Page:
And NATO EU members are failing that test. The chickens have come home to roost. See link below.

Media reports have revealed serious defence-industrial capacity problems in both Europe and the United States, including difficulties in increasing or restarting production quickly. Lead times of two to three years are regularly cited for delivering more complex systems from live production facilities, as well as for restarting dormant production lines. For example, BAE Systems recently advised the US Department of Defense that it would take 30–36 months to restart M777 howitzer production. Rheinmetall CEO Armin Papperger said at the end of 2022 that specialised steel for tank armour would take between eight and 12 months to be delivered, and that lead times for certain electronic components for tank production can be up to 24 months. These increasingly long lead times are caused mainly by supply-chain issues and bottlenecks, which are in turn a function of the limited number of specialised suppliers in Europe.

If that is the situation US & NATO must stock excessive amount of munitions to be prepared.

In March, European Union countries pledged to supply Ukraine with 1 million artillery shells by spring 2024. It is now clear that the EU is unlikely to deliver on its promise.

Efforts to supply the Ukrainian Armed Forces with weaponry have exposed startling gaps in Europe’s readiness for large-scale conflict. European nations have been found lacking not only adequate munition stockpiles, but also the industrial base required to refill inventories to keep up with Ukraine’s continued pleas for weapons.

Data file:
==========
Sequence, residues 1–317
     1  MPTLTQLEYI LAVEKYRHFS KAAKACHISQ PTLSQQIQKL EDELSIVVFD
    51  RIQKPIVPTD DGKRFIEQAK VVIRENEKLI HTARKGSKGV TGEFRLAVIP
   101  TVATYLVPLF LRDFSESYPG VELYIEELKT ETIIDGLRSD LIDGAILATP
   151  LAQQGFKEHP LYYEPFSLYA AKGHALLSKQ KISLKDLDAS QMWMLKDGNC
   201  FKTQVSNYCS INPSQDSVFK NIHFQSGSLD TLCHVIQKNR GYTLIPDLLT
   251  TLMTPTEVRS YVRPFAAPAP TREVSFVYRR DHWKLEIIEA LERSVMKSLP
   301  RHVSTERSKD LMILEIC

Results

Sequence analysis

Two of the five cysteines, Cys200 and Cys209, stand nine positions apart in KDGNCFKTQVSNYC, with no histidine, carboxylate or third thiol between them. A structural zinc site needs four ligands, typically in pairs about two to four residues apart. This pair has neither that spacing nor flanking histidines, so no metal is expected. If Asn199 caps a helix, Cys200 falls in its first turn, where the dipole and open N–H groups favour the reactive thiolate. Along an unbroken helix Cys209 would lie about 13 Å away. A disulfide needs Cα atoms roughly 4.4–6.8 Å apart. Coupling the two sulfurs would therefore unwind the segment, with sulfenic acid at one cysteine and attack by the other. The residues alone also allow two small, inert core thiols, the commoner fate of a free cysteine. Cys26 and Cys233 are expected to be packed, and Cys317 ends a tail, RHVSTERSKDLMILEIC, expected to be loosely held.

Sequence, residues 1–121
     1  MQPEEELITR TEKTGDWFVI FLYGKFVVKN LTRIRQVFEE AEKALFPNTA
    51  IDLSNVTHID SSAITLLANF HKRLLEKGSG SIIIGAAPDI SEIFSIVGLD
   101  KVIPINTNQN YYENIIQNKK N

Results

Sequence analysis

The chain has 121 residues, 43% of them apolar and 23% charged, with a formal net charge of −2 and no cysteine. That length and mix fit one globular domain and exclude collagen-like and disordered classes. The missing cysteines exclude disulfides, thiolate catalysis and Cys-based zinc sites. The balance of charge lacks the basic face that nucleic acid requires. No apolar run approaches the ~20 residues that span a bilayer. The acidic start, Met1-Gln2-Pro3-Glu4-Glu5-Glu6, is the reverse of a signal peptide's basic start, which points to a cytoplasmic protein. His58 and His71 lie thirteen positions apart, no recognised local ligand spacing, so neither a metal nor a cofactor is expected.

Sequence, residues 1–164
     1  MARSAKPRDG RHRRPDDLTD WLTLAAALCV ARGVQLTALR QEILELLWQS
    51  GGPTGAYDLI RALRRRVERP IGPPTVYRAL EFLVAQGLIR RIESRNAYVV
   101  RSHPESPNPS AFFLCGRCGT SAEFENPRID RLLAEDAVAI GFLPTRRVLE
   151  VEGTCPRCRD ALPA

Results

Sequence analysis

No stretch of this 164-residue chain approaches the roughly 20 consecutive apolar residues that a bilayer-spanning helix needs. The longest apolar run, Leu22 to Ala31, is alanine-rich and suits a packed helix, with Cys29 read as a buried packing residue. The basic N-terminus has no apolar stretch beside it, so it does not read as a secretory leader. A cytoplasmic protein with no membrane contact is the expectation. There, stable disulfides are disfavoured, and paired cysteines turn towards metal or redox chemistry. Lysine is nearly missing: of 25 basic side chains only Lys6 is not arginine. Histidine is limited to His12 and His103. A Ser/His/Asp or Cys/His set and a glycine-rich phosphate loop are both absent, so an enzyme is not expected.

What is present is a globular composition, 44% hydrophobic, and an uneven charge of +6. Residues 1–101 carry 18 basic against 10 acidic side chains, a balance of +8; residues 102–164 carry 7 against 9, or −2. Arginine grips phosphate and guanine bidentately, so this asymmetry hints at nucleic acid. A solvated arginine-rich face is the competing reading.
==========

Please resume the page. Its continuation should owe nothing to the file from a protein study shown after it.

In March, the European Commission said that thanks to its measures, European annual production capacity for 155 mm shells had reached 1 million a month earlier.

Three months later, in June, Thierry Breton, the European commissioner for the internal market, said that EU producers would reach an annual capacity of 1.7 million 155 mm shells by the end of this year and that capacity would continue to grow. However, according to a high-ranking European arms industry source, the current capacity is about one-third of this.

“It’s a very bad idea to convince ourselves that we have three times the actual production capacity and make decisions based on that. Then suddenly to find out that nothing is coming out of the factories and you cannot supply Ukraine and the NATO alliance,” the source said.

It’s not good to delude oneself.
And it raises the question of the viability of NATO partners.
The days of several hundreds of thousands of US troops in Europe are long gone. Europe will be fighting on their own on the ground for a period of time before US troops arrive to aid in the defense of Europe.

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I doubt anyone figured an all out battle between the Soviets and NATO would stay conventional. Sooner or later, the nukes will come out. So, why spend a bundle on conventional arms?

Of course, NATO could do a Picard era Star Fleet and surrender the moment Putin shook his fist at them. That would also render a huge conventional stockpile redundant. :slight_smile:


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Which raises the question on why the new plan of more new brigades? Apparently the new thinking is that neither side will utilize their nukes because of mutual assured destruction.
Though Putin has used the threat of nuclear weapons to limit the type of weapon systems the West provides to Ukraine. The Russian nuclear brinkmanship could spiral out of control. Especially as NATO & US last month have given Ukraine permission to use the provided weapons to strike within Russuan territory.